Aesthetically, Heat emphasises concrete, bleak surfaces, steel, machinery and a maze like urban milieu. It is alienating to observe and Mann deliberately renders his L.A as a cold, harsh, impenetrable jungle. Grounded against this universe of steel, refineries, grey monoliths and the machinations of a fevered suburbia Mann’s characters flourish and not infrequently flounder. In Heat they reveal themselves to be men of honour in a dishonourable and treacherous criminal underworld. Mann never offers easy answers to the questions and problems that are unveiled through his characters, masterly blurring good/bad and right/wrong, in the process eschewing moral certitude.

He is an acutely self conscious director, whose style may be characterised as extremely post modern in nature. Technology, progress and urban expansion threaten to overwhelm his characters to the point where man is almost bleached out. Rendering many of the scenes in icy blue hues, akin almost to an imperceptible layer of frost, Mann skilfully imbues a sense of isolation and loneliness.

Both Mann and Peckinpah are/were meticulous, obsessive even, and both have set ideas about the man/ men they give life to. Just as Peckinpah’s men are ruthless, recklessly alive and primal, Mann’s are more thoughtful, introspective.

Both male leads, Pike Bishop and Neal Mc McCauley, as played by Robert De Niro and William Holden are driven by loyalty to their clan and an almost narcissistic sense of individualism and separateness. These are men on the frontiers of society, fringe dwellers, who are either unable or unwilling to habituate themselves to normal life- “what the fuck is that? Barbecues and baseball?” asks McCauley. When Pike says he wishes to retire after one more score, Dutch (Ernest Borgnine) quite scornfully asks him- “and do what?” The point is that these men are what they’re doing, defined by their actions and their words. Indeed there is almost something Sir Thomas Moore like in the way these men stick to their guns (or AK47’s.)

They are men on the edge of extinction and indeed their extinction is assured almost from the outset. In both cases the legacy of the slain anti-hero lives on, left to endure in the tormented souls of their pursuers. Both filmmakers place their heroes in direct opposition to something, be it a deep desire to assert ones sense of worth in the face of a harsh world eager to see it bled out and rinsed away, or to pay homage to time honoured codes of conduct that have been all but extinguished by greed and power.

Just as Pike’s ‘Bunch’ unflinchingly uphold their word and commitment to one another ("When you side with a man you stay with him") Mc Cauley’s crew remain bound by the code of the street, but even more significantly, a deep loyalty to each other, despite Mc Cauley's credo which celebrates the disposability of relationships- " Do not allow yourself to have any commitments in your life that you are not willing to walk away from in 30 seconds flat if you spot the heat round the corner."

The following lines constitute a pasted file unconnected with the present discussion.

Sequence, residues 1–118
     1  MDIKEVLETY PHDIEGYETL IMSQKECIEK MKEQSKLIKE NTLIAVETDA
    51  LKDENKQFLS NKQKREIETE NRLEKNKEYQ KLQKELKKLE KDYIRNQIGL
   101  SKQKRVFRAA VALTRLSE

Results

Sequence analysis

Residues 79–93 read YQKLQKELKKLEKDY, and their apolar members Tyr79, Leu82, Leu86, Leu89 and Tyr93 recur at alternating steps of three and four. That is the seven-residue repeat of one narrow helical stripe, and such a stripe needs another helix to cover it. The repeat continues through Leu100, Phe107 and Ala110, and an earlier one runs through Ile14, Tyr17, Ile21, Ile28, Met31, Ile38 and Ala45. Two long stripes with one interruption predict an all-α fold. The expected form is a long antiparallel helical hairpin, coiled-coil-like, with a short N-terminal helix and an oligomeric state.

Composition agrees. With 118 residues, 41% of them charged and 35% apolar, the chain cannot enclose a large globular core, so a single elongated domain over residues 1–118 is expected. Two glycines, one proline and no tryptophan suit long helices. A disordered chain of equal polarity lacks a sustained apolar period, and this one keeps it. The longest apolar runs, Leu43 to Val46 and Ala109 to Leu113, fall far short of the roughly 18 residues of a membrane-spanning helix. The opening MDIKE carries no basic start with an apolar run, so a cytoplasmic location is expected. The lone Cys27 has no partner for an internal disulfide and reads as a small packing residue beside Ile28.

In some ways it feels as if Mann has lifted the Peckinpah template straight out of 1969, made a few changes, given it his trademark stylistic sheen, whilst staying true to the time honoured themes of betrayal, honour, fate and loyalty. It could further be argued he has used Peckinpah's western model of masculinity, adding the modern complexities and dilemmas of work, relationships and the harried existence that is life in a big city, all delicately stitched together with the unifying thread of loss.

Pike and McCauley both dream of a better life yet life for them living can only be defined by commitment to their clan. For them “the action is the juice.” There will be no idyllic retirement in warm climates, the irony being that such a spot would be an equivalent death sentence for both men.

On a purely visceral level both films contain utterly terrifying gun battles- Heat a master class in military like precision and execution, The Wild Bunch just as thrilling for its infamous OTT blood spatters and montage style editing. Both showcase the brutality of man and the inherent ruthlessness of all concerned.

Mann is as renowned for his meticulousness as Peckinpah was for his outbursts and unpredictability, yet both share/shared a passion for cinema. Both men cut their cinematic teeth working in television, serving apprenticeships on a variety of shows and each seem/seemed possessed of the same unyielding need for perfection.

Comparing William Holden's character of Pike Bishop with Robert De Niro’s Neal McCauley may seem an odd comparison. Holden’s Pike is gnarled, world weary and vicious- a leader on the cusp of being obsolete, indeed he knows his time is up (observe moment when he is unable to mount his horse.)

Both men carry haunted memories of the past, determined not to relive them, yet each are fatalistically and ineluctably forced to deal with them at the end, neither one hesitating when called into action. Both are uncompromisingly cold natured, McCauley being the more calculated and strategic of the two and each of them meet their end with a sense of dead end honour intact.

Over 25 years separate The Wild Bunch and Heat yet one only need imagine a reversal of roles, whereon the characters of Heat try to live out their destiny in Peckinpah’s west and vice versa. It may make for an incongruous reversal at first and certainly the thought of De Niro’s suave master thief riding a horse at the head of his crew is an anomalous image, but one that for all the variations in mood, costume, setting and even genre feel more than vaguely related, like twins that were separated at birth, one of whom has grown up to be a seasoned city-goer, the other a hardened country man.

Friday, May 19, 2006

I have tried to dredge up a tantilising description for this Blog but I'm unable to. It's of no consequence anyway. Check it out if you like or ignore it completely. Feel free to drop me a line if you want.

Tuesday, May 16, 2006

A new day

The first post from Paul.

This is my first sentence - one of many, one hopes.